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Interesting discussion about whether or not drum corps died in 1971 but I have to disagree about the idea that DCI was started by drum corps as a means to allow the activity to evolve outside of the constraints that the American Legion and VFW enforced with their rules. The way I see it is that when the "Combine" was organized in the fall of 1970, it was solely a business decision. A business alliance was formed between a handful of the top drum corps to further their financial interests. The founders of the "Combine" and later DCI could have cared less about the rest of the activity otherwise they would have included them from the beginning. Their theory was that if the top drum corps bundled themselves as a package they would be more atrractive to show sponsors. It would result in larger audiences which would make more money for show sponsors which in turn would result in more money for appearance fees. It was felt at the time that people only really wanted to see the Cavaliers, Madison Scouts, and other top corps, and as a result it was felt that a bundled group of top drum corps would be a very attractive option for show sponsors.

The other main reason that the "Combine" and later DCI was organized was because it gave the organizers control over some aspects of the activity which they previously lacked. The top corps now were in the position to make their own rules and train and hire their own judges. Important to remember, after DCI was organized only a handful of drum corps controlled the activity by making the rules and training and hiring the judges. Never under DCI was the whole activity ever included in decision making. I also have trouble understanding how DCI can claim that it was organized by the drum corps activity. That simply is not true! In fact, some of the top corps in the country were excluded from the "Combine" and DCI simply because they were not liked by the founding corps directors.

I believe that the main reason that the DCI Championship was originally organized, held, and was open to all drum corps was because contest sponsors wanted to be sure that they were getting the best bundle of drum corps, not some also rans. It was common back in the pre-DCI era for corps to come and go and having a national championship was the only way for the DCI limited business partnership to determine which corps were going to be in the DCI bundle to be offered to show sponsors the following year. This became especially important as the Kilties, Des Plaines Vanguard, Hathorne Muchahos, St. Rita's Brassmen and Blue Raiders made DCI finals in 1972 and they were originally snubbed by the organizers of DCI. Although this was somewhat embarrassing to the DCI founding corps, having their own championship now provided DCI with a mechanism to determine who the drum corps were going to be in next year's bundle.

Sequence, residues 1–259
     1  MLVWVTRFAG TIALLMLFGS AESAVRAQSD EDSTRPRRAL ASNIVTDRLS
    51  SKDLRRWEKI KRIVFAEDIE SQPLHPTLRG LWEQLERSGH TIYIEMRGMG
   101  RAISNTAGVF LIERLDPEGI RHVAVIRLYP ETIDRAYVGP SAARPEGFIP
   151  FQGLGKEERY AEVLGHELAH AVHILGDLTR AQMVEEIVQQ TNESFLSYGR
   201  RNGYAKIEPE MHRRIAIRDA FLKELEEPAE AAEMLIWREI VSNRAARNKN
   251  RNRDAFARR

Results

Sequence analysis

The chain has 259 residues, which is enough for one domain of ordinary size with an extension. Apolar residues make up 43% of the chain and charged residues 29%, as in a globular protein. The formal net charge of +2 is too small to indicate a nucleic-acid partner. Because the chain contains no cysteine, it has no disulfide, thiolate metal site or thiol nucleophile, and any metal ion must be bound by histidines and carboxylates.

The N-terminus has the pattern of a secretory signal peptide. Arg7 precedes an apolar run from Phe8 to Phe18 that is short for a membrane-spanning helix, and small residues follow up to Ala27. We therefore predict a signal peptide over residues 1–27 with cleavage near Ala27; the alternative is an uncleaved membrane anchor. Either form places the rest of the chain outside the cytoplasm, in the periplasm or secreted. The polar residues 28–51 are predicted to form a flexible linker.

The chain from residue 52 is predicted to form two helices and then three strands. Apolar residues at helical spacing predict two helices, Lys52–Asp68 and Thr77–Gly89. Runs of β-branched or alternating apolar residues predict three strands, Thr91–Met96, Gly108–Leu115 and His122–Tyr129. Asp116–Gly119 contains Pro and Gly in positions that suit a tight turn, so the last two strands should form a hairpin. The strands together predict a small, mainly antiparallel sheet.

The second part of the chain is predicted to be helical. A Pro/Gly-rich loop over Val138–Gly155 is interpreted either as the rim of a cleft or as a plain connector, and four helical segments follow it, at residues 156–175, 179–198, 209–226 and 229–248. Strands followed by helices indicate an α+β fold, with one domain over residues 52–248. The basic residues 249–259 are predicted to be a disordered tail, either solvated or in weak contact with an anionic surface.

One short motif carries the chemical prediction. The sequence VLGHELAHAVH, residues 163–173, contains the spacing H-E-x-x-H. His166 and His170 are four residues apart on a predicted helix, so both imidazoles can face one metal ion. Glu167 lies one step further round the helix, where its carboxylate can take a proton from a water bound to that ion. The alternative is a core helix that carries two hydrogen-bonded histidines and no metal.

To think that the drum corps activity as a whole was so fed up with the American Legion and the VFW that it couldn't wait to get out from under their wings is really false. Many good corps in the 1970s never competed at a DCI contest such as the Racine Scouts. The whole cadet corps activty and most of the smaller corps didn't either. DCI wasn't set up to accomodate these lesser corps nor was DCI an attractive opportunity for any but maybe the top 25 or so corps. In fact, and Brian Tolzman can correct me if I'm wrong, but probably in the neighborhood of 400 drum corps didn't compete at the 1972 DCI Championship, so that would hardly indicate that the activity was embracing and flocking to DCI. Also the 1971 VFW Nationals held in out-of-the-way Dallas, TX was one of the best attended VFW Nationals by top corps ever including "Combine" corps. If the organizing DCI corps had such a real problem with the VFW as DCI claims, it was only because they couldn't make their own rules and hire their own judges. It's good to be king!

So, in my opinion DCI initially was all about the top corps controlling the rules, judges and maximizing the amount of money they could reap from the activty. There was little to no concern about what was good for the activty as a whole. That's why almost nothing is left of it.